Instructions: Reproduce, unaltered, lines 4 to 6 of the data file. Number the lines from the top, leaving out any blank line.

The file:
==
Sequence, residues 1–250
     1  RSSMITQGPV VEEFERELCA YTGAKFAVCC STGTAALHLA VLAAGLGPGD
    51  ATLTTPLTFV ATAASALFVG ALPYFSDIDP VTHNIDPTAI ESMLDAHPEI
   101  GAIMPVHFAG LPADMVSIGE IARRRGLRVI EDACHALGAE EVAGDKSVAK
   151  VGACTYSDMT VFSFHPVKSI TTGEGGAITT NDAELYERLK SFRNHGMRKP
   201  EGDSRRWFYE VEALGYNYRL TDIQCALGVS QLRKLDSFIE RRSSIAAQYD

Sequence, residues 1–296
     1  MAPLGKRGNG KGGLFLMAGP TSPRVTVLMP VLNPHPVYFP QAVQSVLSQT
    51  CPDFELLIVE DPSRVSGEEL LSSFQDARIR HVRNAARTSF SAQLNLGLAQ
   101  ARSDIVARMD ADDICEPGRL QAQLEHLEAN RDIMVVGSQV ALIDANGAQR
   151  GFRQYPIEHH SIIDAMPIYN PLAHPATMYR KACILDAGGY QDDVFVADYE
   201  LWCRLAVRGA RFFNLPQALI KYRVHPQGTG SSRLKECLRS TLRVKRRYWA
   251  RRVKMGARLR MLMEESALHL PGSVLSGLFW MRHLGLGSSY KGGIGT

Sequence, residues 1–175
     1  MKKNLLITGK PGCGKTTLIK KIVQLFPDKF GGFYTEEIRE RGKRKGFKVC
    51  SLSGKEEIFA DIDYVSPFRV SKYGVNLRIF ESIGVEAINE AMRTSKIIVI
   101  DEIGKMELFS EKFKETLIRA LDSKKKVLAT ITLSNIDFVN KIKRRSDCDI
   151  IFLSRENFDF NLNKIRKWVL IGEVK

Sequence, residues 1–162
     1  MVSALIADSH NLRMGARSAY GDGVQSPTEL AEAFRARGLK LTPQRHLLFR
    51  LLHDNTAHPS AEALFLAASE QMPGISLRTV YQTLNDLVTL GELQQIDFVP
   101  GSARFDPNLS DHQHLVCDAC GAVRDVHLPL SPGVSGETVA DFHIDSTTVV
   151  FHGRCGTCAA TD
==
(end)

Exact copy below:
   101  GAIMPVHFAG LPADMVSIGE IARRRGLRVI EDACHALGAE EVAGDKSVAK
   151  VGACTYSDMT VFSFHPVKSI TTGEGGAITT NDAELYERLK SFRNHGMRKP
   201  EGDSRRWFYE VEALGYNYRL TDIQCALGVS QLRKLDSFIE RRSSIAAQYD